Your leaking thatched hut during the restoration of a pre-Enlightenment state.


Hello, my name is Judas Gutenberg and this is my blaag (pronounced as you would the vomit noise "hyroop-bleuach").


decay & ruin
Biosphere II
dead malls
Irving housing

got that wrong

appropriate tech
Arduino μcontrollers
Backwoods Home
Fractal antenna

fun social media stuff

(nobody does!)

Like my brownhouse:
   cardboard fire
Thursday, October 31 2002

setting: rural Hurley, New York

Today Katie's boyfriend Louis came over to begin work on the attic master bedroom suite. The role I played today was that of his assistant. I'm reasonably handy with the framing of walls, having done it with my father when raising a large farm outbuilding and by myself when building the Shaque. Nonetheless, I'm unfamiliar with all the power tools Louis uses. I'd never wielded either a chop saw or a pneumatic nail gun before. Though I was rather taken with the chop saw, I found the pneumatic gun heavy, unwieldy, and difficult to control. Still, it made all sorts of combinations of two by fours suddenly nailable. No longer did I find myself avoid toe nailing at all costs. Using the nail gun, Louis could build structures in place that I normally would have wanted to build flat and then tilt up.
After we'd built the entire wall between the bathroom and the bedroom we'd used up all the lumber I'd bought back on Sunday. On the way back from Lowes with another load of two by fours and two by sixes, we stopped for lunch at the Hurley Mountain Inn. A old folk couple beside us at the bar were drinking stiff booze with their lunch, but we only had beers with ours. For some reason (perhaps neurologically related to his continued interest in classic rock) Louis only drinks Heineken, but at the Hurley Mountain Inn they do not carry this particular beer. So Louis drank a Becks instead. He pointed to one of the waitstaff, a woman dressed (for Halloween) in a bunny outfit, and told me that she wasn't doing it right. The waitress's outfit consisted of conventional neck-to-ankles denim with a pair of ears and a puffy tail added as accessories. Louis was certain that a bunny outfit was supposed to be considerably more revealing.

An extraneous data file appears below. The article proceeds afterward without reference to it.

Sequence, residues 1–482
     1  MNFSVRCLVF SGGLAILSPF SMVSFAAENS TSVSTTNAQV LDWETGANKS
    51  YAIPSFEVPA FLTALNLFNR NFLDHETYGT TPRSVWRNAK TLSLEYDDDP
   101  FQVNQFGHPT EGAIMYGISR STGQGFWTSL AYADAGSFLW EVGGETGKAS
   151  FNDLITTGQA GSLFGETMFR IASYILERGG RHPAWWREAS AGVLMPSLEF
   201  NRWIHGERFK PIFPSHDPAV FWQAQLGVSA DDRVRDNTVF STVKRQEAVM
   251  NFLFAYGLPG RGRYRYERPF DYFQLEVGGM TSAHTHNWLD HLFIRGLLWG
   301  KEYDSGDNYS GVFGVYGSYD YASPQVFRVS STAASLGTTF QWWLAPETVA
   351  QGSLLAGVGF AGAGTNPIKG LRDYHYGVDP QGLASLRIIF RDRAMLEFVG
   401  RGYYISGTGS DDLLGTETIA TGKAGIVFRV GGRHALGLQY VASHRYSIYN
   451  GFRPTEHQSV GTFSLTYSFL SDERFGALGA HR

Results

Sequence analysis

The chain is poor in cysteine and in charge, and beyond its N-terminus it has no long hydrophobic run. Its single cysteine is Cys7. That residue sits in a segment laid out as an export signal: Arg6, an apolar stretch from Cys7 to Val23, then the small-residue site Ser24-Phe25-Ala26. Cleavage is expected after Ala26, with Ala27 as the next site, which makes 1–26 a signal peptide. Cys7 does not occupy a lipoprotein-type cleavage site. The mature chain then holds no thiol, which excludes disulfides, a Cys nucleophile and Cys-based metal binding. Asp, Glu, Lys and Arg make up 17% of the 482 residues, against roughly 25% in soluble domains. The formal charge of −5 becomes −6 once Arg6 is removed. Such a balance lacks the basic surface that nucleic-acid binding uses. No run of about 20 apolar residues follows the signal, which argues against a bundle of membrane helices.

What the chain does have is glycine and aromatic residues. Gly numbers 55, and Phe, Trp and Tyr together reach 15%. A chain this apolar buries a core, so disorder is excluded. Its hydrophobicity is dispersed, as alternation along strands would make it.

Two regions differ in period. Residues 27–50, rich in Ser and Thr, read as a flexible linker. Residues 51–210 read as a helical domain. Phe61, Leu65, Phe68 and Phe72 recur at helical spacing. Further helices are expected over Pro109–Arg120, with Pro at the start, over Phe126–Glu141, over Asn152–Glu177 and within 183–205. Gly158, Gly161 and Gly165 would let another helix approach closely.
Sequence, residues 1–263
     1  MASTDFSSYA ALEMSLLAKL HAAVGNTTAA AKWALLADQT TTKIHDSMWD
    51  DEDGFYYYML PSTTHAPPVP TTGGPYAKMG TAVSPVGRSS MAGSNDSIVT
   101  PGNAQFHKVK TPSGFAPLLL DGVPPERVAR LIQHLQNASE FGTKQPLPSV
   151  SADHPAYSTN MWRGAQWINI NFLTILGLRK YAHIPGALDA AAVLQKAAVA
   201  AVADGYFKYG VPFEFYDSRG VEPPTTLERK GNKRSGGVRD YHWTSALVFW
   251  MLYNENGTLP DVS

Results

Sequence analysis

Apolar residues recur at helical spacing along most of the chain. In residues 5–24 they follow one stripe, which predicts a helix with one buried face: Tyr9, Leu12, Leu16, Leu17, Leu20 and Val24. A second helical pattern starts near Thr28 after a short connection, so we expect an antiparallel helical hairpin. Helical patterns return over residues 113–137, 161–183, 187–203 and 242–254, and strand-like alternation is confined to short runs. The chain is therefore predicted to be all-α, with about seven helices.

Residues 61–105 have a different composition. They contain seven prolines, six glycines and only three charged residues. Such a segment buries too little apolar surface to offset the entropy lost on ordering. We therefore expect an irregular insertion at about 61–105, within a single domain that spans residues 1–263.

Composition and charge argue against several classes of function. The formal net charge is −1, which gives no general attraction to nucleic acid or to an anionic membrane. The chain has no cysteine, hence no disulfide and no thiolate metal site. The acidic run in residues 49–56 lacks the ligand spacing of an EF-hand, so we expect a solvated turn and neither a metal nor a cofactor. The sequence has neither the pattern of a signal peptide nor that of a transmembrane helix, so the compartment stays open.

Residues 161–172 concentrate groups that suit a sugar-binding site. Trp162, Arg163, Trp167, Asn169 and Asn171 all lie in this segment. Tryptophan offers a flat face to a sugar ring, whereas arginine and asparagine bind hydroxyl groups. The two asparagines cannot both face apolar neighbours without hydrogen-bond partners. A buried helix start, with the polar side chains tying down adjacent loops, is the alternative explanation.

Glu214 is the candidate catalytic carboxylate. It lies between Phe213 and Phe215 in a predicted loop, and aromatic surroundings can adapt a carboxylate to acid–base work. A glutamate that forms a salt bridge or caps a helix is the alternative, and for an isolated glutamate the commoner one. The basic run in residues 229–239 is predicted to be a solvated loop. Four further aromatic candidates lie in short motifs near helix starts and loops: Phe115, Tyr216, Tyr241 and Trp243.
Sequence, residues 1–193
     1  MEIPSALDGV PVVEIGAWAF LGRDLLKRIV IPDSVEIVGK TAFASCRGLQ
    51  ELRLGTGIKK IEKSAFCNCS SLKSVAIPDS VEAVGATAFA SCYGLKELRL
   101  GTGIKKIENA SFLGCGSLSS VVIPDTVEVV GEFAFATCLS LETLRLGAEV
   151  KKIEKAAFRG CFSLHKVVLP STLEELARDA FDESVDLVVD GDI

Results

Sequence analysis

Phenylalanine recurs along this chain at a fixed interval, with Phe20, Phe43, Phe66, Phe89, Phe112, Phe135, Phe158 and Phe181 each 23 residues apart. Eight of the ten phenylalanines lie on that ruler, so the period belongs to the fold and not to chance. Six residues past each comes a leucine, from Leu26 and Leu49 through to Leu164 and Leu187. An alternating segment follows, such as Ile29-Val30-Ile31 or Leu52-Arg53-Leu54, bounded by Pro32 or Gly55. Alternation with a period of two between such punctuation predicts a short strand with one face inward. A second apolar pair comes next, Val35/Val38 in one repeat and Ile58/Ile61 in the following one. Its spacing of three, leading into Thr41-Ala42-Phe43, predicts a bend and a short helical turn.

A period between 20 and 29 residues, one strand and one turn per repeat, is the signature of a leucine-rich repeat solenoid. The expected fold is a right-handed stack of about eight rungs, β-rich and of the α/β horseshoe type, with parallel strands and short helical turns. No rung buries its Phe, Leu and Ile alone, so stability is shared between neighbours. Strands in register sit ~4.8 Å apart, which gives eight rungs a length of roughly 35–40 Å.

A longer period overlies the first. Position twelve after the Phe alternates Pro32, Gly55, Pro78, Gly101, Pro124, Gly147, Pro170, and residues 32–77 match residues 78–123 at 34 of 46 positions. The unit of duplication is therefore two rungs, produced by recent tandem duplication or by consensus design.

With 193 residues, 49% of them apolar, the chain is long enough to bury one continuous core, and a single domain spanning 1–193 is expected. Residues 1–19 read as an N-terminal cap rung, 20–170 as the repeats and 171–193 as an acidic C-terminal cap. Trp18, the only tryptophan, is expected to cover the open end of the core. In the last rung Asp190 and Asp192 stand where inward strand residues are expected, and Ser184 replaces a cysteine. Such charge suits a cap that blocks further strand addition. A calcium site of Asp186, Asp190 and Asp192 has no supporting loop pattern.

By the end of the work day, we'd framed out a second wall parallel to the first that reached only part way to the bedroom's cathedral ceiling. This would be the front wall of the bedroom's closet. Through this wall and the next led a short hallway to the bathroom. Above the closet and hallway was a substantial level area that could be used as a loft, though a loft is hardly necessary in this huge place.
This second burst of construction used a huge amount of lumber, mostly to accommodate the places where drywall will need to be attached. There was so much wood concentrated in such a small volume that I joked it would make for the safest place in the house should a tornado come along.
Meanwhile down in the kitchen Gretchen was enjoying the full benefits of her palatial new kitchen, now featuring a gas stove. She cooked a dinner of fake chicken and vegetable pie for Louis, Katie and me. Just before it was ready, we took delivery of a new dining room table. It was a huge but simple table made of seemingly ancient wood featuring many subtle dents and hollows. Gretchen had bought it today while over at an antique store across the Hudson in Rhinebeck. The store's proprietor, Crazy Dennis, drove is to our place after the close of business. I thought Crazy Dennis was a suitably wacky middle aged businessman, but I knew a little too much about the nature of reality for him to fool me with his supposed history of the dinner table he was delivering. He was claiming it was made from pieces of a 19th Century barn near Gettysburg, Pennsylvania, and that the planks were made of Douglas Fir. Hold on a moment, Crazy Dennis, Douglas Fir is a western tree, and there were no Pennsylvania barns made of that particular wood in the 19th Century. For my usual reasons, I didn't bring this contradiction up until after Crazy Dennis had gone.
After dinner, we sat around the woodstove eating icecream and enjoying one of my "cardboard fires." From one of the many stray boxes, I take rectangles of cardboard, roll them into little log-shaped tubes, and throw them in the fire, where they burn with great intensity for a couple minutes and then die down, ready for the next "log" of cardboard.
Given the remoteness of our new house, we were visited by neither trickers nor treaters on this Halloween night.

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